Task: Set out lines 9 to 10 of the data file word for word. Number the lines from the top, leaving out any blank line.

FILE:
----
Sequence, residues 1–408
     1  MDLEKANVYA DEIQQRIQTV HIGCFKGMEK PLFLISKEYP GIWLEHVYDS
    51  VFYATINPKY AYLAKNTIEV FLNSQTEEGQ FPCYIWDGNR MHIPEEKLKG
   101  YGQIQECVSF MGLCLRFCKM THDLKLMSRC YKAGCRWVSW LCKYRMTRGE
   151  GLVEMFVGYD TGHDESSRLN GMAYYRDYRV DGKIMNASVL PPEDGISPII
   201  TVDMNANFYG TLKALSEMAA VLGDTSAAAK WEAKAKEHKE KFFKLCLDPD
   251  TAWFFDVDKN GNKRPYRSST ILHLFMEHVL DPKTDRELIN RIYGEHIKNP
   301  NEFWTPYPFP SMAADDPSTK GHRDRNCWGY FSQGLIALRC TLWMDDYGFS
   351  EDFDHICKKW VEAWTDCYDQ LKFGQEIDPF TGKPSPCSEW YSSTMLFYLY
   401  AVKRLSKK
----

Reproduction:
   351  EDFDHICKKW VEAWTDCYDQ LKFGQEIDPF TGKPSPCSEW YSSTMLFYLY
   401  AVKRLSKK